Multifocal lenses are not suitable for everybody. Multifocal lenses can cause a slight loss of contrast. This is usually insignificant but you may find you need proper illumination to read in a dimly lit room. Glare around point sources of light such as car headlights is also sometimes reported but this is rarely troublesome. This lens usually delivers very good distance, intermediate and reading vision. On occasion spectacles can be required for very detailed near work. The symptoms of glare and halo effect around headlights are usually mild and the lenses have been used successfully with varied visual requirements.

The PanOptix lens does incorporate a yellow filter. The lens is most suitable for those planning surgery on both eyes, although surgery on one eye can be performed in special circumstances. Toric PanOptix lenses are available with astigmatic correction, allowing their use in cases where mild to moderate astigmatism is present. PanOptix lenses do cost significantly more than standard monofocal lenses.

The Symfony and Toric Symfony by Johnson & Johnson Vision
The Symfony is a popular lens offering an extended range of vision. It is not a true multifocal implant but instead delivers an extended range of vision, dramatically reducing spectacle dependence. The lens typically delivers good distance vision and intermediate vision. By carefully planning the refractive outcome of each eye it is usually possible to deliver distance vision, intermediate vision and some reading vision, although you should expect that reading glasses will be required for small typefaces, or prolonged reading.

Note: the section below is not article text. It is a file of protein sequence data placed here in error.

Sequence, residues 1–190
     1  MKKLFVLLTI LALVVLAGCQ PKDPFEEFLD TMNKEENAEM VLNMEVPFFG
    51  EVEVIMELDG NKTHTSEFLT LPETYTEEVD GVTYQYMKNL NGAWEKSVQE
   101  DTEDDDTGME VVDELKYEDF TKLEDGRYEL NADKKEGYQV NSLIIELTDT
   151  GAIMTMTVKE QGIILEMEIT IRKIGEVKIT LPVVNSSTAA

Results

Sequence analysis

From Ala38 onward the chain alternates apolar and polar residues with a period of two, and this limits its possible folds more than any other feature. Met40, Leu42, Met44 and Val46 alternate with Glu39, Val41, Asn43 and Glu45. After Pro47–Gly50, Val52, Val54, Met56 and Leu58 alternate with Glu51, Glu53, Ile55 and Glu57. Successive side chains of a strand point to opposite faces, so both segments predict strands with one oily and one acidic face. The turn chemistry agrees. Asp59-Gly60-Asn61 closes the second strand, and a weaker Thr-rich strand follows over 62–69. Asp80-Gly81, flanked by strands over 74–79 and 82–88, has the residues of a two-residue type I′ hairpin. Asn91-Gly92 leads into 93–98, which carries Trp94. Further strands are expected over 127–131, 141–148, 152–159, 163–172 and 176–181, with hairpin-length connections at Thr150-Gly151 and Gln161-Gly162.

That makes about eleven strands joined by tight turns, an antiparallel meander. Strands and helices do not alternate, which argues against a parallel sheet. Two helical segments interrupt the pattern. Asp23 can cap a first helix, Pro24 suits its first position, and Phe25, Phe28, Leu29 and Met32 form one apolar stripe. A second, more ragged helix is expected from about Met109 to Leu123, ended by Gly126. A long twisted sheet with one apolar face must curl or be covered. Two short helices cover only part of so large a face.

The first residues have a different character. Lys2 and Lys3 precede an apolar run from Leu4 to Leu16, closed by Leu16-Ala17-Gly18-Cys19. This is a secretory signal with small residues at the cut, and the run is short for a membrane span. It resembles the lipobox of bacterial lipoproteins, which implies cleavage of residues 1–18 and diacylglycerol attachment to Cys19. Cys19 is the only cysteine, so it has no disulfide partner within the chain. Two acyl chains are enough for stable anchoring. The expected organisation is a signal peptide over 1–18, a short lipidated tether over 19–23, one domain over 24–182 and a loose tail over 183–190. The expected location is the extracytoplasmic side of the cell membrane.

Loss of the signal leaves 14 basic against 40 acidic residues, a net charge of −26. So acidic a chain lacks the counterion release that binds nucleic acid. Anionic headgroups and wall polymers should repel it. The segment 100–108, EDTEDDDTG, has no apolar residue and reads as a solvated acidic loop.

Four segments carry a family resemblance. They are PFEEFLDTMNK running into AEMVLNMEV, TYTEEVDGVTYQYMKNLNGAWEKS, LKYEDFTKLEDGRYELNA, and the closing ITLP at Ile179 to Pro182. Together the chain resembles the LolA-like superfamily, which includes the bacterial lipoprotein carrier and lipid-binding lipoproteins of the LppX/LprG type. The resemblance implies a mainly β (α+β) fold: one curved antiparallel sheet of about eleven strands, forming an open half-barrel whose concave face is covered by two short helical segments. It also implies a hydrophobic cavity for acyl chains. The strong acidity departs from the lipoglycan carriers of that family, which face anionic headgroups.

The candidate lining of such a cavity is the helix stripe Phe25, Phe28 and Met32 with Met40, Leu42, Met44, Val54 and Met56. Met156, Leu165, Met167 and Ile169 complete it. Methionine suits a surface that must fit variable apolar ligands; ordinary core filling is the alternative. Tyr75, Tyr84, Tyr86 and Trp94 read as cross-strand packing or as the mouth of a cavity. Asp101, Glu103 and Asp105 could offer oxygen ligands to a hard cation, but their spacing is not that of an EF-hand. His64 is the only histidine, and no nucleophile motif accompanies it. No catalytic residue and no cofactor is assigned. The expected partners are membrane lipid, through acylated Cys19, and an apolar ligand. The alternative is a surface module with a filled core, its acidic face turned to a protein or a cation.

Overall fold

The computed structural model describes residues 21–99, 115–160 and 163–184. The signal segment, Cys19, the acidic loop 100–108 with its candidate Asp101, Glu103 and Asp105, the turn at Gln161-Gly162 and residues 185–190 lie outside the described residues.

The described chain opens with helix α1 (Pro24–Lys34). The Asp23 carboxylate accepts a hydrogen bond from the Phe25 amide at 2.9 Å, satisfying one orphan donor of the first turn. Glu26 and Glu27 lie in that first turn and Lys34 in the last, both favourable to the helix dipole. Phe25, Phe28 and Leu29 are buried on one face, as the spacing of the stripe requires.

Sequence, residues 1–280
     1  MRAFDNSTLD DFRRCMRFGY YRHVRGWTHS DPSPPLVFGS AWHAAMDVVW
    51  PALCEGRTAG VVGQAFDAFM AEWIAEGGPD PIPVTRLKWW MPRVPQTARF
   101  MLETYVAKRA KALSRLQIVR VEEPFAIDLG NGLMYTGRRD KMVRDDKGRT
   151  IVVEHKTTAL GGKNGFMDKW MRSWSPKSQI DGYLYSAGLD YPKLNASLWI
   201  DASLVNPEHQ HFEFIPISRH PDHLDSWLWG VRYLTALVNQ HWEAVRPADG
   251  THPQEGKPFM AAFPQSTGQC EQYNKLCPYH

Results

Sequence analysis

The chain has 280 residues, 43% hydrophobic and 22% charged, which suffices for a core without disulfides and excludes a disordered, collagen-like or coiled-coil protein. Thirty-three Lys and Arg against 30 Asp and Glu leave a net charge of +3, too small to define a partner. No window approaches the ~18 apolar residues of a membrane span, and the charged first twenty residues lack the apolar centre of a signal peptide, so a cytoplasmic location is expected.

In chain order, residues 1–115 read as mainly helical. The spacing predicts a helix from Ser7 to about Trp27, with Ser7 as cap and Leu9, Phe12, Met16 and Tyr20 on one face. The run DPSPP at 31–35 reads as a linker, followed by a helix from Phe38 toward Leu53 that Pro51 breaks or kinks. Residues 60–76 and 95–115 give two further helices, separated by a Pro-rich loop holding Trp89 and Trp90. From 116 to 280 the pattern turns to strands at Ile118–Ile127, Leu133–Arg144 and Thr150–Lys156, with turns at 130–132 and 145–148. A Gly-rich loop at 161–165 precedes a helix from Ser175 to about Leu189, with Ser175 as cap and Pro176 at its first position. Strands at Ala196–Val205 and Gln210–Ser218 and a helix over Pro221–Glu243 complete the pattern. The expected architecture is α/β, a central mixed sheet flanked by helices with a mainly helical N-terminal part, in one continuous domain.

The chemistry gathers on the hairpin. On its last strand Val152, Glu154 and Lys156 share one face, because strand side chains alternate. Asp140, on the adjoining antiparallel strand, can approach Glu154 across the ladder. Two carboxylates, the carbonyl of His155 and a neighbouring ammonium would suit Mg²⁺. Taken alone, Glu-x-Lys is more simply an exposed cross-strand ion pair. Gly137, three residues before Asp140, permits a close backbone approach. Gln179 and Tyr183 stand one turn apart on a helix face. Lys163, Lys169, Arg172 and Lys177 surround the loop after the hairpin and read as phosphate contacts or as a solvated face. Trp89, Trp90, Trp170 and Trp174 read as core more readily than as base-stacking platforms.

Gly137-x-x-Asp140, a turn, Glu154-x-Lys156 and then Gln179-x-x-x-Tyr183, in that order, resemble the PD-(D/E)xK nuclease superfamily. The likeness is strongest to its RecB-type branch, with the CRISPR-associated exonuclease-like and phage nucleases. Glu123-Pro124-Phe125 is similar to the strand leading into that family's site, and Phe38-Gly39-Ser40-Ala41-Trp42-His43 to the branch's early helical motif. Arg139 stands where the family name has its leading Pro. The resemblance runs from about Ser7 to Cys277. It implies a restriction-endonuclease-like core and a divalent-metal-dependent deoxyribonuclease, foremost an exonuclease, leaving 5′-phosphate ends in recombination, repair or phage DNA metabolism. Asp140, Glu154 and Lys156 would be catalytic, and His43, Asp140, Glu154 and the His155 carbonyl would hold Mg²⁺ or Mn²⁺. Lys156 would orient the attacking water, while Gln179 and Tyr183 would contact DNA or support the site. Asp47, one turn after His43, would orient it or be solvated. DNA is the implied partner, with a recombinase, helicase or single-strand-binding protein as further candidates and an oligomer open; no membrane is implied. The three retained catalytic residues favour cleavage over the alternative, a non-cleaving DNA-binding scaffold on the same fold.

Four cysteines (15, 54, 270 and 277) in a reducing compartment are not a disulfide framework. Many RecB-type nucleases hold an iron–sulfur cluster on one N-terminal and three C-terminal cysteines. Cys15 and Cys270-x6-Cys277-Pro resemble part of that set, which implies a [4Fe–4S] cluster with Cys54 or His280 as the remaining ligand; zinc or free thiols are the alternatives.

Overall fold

Whilst some glare and halo effect is experienced this is usually limited and is certainly less than earlier models of multifocal implants. The Tecnis Symfony delivers an extended range of vision in all lighting conditions and is less dependent on good light than earlier multifocal designs. The Symfony does have the strength of offering quite a natural visual experience. Reports of glare, whilst present, are certainly less than the symptoms reported with other multifocal designs. The intermediate vision is typically quite strong, often permitting the use of a computer without spectacle correction.

The Symfony typically offers a high degree of spectacle independence, although spectacles may be required for small print. A Toric (astigmatic) model of the Symfony is available allowing the use of this lens in cases where mild to moderate degrees of astigmatism are present. The Symfony lens is also particularly suitable when there is a very high pre-existing spectacle prescription. In these circumstances it can be very difficult to guarantee achieving zero spectacle prescription following surgery, and the Symfony lens does deliver good vision without spectacles, even when there is a small residual spectacle prescription.

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  Specialist cataract surgery & refractive lens exchange procedures | John Greenwood Consultant ophthalmic surgeon | © 2018 The Vision Practice. All Rights Reserved.